If 2017 taught us anything it’s that making predictions is something of a risky business. That risk, of course, is at the heart of everything that makes the Forex markets so appealing – not to mention potentially risky – to traders from across the world. What marked the last 12 months out as different to the past, to a large degree, was the way in which purely political events could be seen to have a direct and instantly noticeable impact on the status of various currencies. From the slump in the strength of the pound caused by Brexit to the fluctuations of the Euro based upon the electoral performance of that icon of stability, Angela Merkel. Not to mention, of course, the fact that the strength of the dollar sometimes seemed to hinge on the somewhat erratic – to use a kind word – nature of Donal Trumps Twitter feed.
Bearing all of that in mind, it should be stated that any predictions for 2018 are presented with one huge caveat; they depend massively upon outside influences. Will President Trump survive the Russia probe? Will Angela Merkel stabilise her government in Germany? How will Brexit pan out? Given that a single fairly anodyne speech from Theresa May on the topic of Brexit can send the pound higher or lower, even the possibility of any major occurrences around these issues (or a range of other factors) could have a massive impact.
The US Dollar
At the start of 2017, the US dollar index was hovering around the 103.79 mark, which represented a 14 year high, but by the end of the year it had dropped to 93.98, a reduction of 9.45%. Much of this uncertainty was caused by the various noises emanating from the White House and the fact that, for a large chunk of the year, the legislative agenda of tax cuts and deregulation promised by Donald Trump (which had helped to push the dollar up in the first place) seemed impossible to deliver.
Toward the end of the year, however, the Republican Party finally managed to pass a swathe of legislation on tax reform. This in itself, together with the fact that it could herald the delivery of the other promised Trump reforms, helped to push the US dollar index up by more than 1.2% in a single day. Bearing this in mind, the genera prediction for the dollar as 2018 begins has to be positive.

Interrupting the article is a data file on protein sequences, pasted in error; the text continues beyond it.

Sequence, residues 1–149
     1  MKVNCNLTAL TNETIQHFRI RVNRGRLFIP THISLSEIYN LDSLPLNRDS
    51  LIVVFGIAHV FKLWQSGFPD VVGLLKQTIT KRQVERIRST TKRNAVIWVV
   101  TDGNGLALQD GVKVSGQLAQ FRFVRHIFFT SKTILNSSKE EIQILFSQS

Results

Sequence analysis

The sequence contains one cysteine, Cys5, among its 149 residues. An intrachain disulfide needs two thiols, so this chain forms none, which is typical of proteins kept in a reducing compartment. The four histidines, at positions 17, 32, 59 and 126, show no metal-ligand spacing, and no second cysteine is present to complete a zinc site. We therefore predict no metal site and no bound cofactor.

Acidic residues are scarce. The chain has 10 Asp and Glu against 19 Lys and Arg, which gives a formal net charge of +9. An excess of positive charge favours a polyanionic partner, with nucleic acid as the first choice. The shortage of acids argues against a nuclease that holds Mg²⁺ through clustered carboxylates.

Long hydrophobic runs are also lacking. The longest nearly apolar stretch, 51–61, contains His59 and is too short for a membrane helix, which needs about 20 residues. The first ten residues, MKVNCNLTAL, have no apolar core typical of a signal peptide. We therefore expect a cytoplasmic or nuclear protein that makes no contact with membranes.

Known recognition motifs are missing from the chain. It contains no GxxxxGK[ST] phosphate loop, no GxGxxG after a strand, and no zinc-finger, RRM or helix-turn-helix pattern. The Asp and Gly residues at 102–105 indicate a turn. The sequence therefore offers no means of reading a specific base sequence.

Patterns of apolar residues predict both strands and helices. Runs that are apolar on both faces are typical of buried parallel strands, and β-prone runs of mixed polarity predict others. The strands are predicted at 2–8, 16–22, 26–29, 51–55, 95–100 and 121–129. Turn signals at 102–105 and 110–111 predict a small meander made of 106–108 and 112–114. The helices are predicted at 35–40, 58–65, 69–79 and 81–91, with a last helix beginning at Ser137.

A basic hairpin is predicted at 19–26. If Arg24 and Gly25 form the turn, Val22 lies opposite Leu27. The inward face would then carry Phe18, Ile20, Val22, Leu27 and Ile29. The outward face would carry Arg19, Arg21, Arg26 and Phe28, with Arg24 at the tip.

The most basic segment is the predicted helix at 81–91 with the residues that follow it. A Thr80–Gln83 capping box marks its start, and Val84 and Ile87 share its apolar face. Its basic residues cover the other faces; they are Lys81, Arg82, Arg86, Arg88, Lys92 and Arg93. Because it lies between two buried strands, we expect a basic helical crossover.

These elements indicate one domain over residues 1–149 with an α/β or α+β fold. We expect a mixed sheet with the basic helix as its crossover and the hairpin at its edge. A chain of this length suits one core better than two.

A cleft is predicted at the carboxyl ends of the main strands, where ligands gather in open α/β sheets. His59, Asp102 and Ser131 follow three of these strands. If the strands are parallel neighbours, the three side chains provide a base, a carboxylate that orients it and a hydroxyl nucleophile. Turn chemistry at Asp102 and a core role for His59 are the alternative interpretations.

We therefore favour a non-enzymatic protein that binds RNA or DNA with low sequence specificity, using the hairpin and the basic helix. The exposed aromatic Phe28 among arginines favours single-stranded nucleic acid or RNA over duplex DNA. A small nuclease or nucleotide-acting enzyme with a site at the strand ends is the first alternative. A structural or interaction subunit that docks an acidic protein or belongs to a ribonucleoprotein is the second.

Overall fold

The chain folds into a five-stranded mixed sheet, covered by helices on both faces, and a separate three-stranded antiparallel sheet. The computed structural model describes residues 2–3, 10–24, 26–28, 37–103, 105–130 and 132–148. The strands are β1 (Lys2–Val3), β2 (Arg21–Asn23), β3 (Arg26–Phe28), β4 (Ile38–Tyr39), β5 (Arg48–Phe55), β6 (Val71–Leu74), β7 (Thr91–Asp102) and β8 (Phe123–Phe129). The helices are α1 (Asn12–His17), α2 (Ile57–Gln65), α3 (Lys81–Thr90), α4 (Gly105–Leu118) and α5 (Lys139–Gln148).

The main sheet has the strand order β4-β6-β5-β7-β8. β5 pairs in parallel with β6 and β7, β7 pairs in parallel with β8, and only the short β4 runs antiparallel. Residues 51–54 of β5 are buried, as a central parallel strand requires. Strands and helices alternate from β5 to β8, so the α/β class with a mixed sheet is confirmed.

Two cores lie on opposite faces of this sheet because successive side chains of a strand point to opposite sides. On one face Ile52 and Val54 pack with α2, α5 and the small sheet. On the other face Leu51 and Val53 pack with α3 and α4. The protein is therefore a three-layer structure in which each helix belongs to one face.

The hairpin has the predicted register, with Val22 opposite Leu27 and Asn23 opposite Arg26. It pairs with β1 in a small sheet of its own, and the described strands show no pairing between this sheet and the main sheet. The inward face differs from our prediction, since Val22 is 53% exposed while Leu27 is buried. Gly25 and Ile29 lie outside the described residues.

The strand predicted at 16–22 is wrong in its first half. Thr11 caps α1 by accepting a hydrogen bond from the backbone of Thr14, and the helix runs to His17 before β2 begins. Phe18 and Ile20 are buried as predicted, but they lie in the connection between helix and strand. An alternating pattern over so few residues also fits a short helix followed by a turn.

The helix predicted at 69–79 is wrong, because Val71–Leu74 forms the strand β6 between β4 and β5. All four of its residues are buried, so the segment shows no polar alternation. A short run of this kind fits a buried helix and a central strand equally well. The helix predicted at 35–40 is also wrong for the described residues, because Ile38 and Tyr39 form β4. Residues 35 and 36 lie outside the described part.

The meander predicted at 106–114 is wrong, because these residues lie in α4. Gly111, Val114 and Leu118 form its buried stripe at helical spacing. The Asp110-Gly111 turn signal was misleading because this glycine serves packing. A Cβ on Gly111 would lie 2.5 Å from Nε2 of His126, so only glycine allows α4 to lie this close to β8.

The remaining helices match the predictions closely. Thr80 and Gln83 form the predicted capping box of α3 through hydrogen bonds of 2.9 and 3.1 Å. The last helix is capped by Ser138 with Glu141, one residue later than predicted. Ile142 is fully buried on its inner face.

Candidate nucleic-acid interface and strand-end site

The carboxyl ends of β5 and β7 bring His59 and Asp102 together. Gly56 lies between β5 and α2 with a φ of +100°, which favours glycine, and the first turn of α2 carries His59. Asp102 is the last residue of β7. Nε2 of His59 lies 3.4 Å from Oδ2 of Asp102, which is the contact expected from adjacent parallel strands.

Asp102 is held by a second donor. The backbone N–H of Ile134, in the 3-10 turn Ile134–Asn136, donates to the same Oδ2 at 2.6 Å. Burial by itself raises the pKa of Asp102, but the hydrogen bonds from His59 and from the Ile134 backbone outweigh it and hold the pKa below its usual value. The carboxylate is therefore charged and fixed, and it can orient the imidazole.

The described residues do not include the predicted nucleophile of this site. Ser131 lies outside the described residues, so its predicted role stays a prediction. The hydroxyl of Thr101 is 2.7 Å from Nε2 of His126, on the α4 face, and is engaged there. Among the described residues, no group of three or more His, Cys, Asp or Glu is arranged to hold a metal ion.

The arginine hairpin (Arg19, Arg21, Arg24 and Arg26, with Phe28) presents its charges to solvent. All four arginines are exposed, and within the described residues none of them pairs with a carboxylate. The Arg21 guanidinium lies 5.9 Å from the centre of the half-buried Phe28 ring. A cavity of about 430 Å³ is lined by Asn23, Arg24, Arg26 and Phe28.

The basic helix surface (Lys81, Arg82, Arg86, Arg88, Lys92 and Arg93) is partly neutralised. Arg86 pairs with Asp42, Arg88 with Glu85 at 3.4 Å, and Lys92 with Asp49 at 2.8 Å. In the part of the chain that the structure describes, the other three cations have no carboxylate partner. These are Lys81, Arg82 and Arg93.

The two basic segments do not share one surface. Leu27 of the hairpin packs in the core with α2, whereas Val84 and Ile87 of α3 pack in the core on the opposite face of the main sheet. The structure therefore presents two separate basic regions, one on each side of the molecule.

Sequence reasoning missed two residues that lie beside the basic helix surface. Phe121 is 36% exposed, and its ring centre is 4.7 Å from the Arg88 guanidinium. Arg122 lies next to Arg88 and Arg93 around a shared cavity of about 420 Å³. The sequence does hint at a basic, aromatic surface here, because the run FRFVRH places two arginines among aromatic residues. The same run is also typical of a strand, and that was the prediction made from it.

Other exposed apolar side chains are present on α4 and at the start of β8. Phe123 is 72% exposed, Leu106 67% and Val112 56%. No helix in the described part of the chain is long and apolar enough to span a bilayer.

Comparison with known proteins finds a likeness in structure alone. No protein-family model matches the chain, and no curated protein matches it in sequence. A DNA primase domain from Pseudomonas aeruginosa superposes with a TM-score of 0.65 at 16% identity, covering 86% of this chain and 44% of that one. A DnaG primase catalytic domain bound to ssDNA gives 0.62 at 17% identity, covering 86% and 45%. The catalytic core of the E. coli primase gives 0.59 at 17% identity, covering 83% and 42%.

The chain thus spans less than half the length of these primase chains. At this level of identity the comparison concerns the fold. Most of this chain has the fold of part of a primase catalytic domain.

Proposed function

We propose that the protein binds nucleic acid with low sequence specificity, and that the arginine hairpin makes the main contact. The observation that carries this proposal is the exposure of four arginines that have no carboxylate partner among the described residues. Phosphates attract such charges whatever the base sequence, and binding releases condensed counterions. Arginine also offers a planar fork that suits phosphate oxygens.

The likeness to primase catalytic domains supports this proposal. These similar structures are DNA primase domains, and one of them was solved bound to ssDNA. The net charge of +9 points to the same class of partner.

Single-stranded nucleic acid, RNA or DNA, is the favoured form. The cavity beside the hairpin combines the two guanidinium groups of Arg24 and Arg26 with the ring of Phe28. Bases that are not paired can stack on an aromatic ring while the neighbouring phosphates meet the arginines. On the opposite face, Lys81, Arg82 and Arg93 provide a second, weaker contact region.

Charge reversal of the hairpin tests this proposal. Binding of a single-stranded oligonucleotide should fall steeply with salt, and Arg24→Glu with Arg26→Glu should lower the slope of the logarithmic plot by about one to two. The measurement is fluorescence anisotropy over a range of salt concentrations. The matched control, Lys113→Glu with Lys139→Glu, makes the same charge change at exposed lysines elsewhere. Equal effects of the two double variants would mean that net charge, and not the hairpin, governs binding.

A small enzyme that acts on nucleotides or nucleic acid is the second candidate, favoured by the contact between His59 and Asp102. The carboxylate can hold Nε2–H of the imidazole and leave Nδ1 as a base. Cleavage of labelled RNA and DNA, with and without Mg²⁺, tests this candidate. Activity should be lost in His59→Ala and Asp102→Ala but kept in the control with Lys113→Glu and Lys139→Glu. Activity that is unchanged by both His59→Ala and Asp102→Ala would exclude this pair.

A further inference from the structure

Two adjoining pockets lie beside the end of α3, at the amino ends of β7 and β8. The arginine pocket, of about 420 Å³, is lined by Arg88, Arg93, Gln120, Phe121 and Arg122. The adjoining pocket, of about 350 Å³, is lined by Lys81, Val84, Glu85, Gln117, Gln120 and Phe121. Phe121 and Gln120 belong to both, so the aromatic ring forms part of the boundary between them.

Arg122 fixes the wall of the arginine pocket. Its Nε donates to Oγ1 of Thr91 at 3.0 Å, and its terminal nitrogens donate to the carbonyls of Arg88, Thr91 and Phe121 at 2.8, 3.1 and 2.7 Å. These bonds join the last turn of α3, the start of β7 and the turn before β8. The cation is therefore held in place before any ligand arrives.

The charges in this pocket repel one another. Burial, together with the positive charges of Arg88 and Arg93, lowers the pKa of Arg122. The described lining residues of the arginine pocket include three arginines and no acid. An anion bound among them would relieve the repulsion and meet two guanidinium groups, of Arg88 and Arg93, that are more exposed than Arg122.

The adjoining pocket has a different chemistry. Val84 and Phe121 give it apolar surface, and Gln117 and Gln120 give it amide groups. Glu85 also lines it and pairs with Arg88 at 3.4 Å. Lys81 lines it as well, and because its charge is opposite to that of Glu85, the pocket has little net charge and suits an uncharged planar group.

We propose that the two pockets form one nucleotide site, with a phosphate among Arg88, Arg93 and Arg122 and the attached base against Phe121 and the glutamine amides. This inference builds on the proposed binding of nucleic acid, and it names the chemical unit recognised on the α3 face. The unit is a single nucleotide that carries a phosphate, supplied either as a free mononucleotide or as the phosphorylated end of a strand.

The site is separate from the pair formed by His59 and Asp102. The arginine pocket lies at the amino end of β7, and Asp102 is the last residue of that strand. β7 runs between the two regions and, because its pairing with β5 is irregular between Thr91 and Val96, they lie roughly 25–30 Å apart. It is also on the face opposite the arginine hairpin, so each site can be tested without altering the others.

Given that the currency grew strongly throughout most of 2017, a slowing down seems inevitable, whether as a corrective or merely in reaction to the growing strength of the dollar. One of the factors which is likely to herald a decline in the strength of the Euro is the decision by the ECB to continue with an economic stimulus package into 2018. The fact that this is being done despite 2.5% growth in GDP in the third quarter of 2017 and inflation dropping from 1.5% in September to 1.4% in October, has already caused the Euro to weaken, not least because strong economic indicators led many to believe that the stimulus would be withdrawn. The fact that the ECB is playing safe in this manner fosters some fears that they may be sensing more turbulent times ahead.
Everything there is to be said about Sterling has to be viewed through the prism of Brexit. This will be as true through 2018 as it was in 2017. Although the announcement of the triggering of Article 50 in April caused the pound to rally somewhat, this was perhaps based on an assumption that some certainty would now prevail. When it slowly became apparent that any chance of certainty was still much further down the line, the pound began to slip from a high point of 136.5. Given that, as December comes to an end, the cabinet have only just held their first meeting on what they want to achieve via Brexit, it seems likely that the pound will continue to fluctuate at best and decline over the longer term, as the certainty that the world of business demands remains elusive.